Phillip Magness points to this interesting aspect of Keynes thinking. He gave a lecture tracking history of laissez faire and said there are three areas where laissez faire needs to be done away and we need a central control – banking, need for population control and savings/investment:
I come next to a criterion of Agenda which is particularly relevant to what it is urgent and desirable to do in the near future. We must aim at separating those services which are technically social from those which are technically individual. The most important Agenda of the State relate not to those activities which private individuals are already fulfilling, but to those functions which fall outside the sphere of the individual, to those decisions which are made by no one if the State does not make them. The important thing for government is not to do things which individuals are doing already, and to do them a little better or a little worse; but to do those things which at present are not done at all.
It is not within the scope of my purpose on this occasion to develop practical policies. I limit myself, therefore, to naming some instances of what I mean from amongst those problems about which I happen to have thought most.
Many of the greatest economic evils of our time are the fruits of risk, uncertainty, and ignorance. It is because particular individuals, fortunate in situation or in abilities, are able to take advantage of uncertainty and ignorance, and also because for the same reason big business is often a lottery, that great inequalities of wealth come about; and these same factors are also the cause of the unemployment of labour, or the disappointment of reasonable business expectations, and of the impairment of efficiency and production. Yet the cure lies outside the operations of individuals; it may even be to the interest of individuals to aggravate the disease. I believe that the cure for these things is partly to be sought in the deliberate control of the currency and of credit by a central institution, and partly in the collection and dissemination on a great scale of data relating to the business situation, including the full publicity, by law if necessary, of all business facts which it is useful to know. These measures would involve society in exercising directive intelligence through some appropriate organ of action over many of the inner intricacies of private business, yet it would leave private initiative and enterprise unhindered. Even if these measures prove insufficient, nevertheless, they will furnish us with better knowledge than we have now for taking the next step.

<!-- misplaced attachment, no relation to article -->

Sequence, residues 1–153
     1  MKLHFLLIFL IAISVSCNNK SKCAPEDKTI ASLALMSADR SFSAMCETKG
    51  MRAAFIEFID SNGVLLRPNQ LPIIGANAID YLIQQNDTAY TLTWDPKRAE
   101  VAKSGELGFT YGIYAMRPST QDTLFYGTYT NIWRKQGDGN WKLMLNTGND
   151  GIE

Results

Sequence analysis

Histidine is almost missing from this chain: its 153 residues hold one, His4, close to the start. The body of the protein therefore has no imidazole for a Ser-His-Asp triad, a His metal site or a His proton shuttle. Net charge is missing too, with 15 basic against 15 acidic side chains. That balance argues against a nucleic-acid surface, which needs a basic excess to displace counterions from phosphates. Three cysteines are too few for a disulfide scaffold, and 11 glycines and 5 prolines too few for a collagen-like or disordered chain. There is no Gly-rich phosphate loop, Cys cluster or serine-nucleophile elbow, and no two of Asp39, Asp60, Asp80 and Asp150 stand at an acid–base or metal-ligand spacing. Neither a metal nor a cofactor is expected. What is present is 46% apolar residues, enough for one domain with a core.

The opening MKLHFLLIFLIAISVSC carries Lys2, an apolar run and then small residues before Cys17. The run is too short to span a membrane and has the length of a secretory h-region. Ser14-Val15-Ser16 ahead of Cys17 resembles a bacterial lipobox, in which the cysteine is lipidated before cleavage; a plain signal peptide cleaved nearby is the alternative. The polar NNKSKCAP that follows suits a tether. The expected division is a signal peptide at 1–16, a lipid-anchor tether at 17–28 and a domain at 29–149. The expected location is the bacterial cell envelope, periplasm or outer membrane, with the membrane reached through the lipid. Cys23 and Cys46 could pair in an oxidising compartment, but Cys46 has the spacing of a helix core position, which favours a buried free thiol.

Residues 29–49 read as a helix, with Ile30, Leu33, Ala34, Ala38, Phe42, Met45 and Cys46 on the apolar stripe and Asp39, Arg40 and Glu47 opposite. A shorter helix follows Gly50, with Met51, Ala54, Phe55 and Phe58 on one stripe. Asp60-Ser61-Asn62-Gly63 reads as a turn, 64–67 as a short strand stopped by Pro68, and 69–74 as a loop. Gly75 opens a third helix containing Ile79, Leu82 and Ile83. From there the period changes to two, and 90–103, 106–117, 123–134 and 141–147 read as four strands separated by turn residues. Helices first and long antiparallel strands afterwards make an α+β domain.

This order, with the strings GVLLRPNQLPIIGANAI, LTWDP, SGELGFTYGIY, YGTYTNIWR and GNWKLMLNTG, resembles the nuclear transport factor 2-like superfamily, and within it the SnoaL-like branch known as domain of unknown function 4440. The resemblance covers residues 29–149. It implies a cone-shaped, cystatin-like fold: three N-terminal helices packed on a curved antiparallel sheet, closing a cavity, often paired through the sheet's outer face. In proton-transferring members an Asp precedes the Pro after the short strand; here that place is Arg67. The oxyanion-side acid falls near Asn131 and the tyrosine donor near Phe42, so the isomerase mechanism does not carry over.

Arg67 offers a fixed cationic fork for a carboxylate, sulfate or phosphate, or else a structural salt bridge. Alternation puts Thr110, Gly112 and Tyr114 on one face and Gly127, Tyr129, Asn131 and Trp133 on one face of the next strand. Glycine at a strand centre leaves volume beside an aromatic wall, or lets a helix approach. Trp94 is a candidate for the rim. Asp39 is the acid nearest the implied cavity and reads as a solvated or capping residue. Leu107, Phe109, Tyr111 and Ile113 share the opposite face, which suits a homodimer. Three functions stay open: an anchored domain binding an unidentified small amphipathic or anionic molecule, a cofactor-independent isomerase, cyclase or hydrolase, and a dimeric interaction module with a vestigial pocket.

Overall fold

My second example relates to savings and investment. I believe that some coordinated act of intelligent judgement is required as to the scale on which it is desirable that the community as a whole should save, the scale on which these savings should go abroad in the form of foreign investments, and whether the present organisation of the investment market distributes savings along the most nationally productive channels. I do not think that these matters should be left entirely to the chances of private judgement and private profits, as they are at present.
My third example concerns population. The time has already come when each country needs a considered national policy about what size of population, whether larger or smaller than at present or the same, is most expedient. And having settled this policy, we must take steps to carry it into operation. The time may arrive a little later when the community as a whole must pay attention to the innate quality as well as to the mere numbers of its future members.
Population is surely an issue on both under and over side. But how does state determine the right size of population?
Clearly, these control policies were making rounds in Keynes mind much before his General Theory..